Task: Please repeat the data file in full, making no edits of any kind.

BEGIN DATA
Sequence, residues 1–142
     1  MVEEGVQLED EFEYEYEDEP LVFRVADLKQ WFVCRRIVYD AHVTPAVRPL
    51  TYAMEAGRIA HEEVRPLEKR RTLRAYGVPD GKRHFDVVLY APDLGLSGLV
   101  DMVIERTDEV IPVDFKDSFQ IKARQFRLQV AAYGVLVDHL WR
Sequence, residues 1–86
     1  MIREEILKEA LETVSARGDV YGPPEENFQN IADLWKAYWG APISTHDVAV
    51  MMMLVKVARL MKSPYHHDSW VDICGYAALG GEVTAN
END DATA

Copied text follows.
Sequence, residues 1–142
     1  MVEEGVQLED EFEYEYEDEP LVFRVADLKQ WFVCRRIVYD AHVTPAVRPL
    51  TYAMEAGRIA HEEVRPLEKR RTLRAYGVPD GKRHFDVVLY APDLGLSGLV
   101  DMVIERTDEV IPVDFKDSFQ IKARQFRLQV AAYGVLVDHL WR
Sequence, residues 1–86
     1  MIREEILKEA LETVSARGDV YGPPEENFQN IADLWKAYWG APISTHDVAV
    51  MMMLVKVARL MKSPYHHDSW VDICGYAALG GEVTAN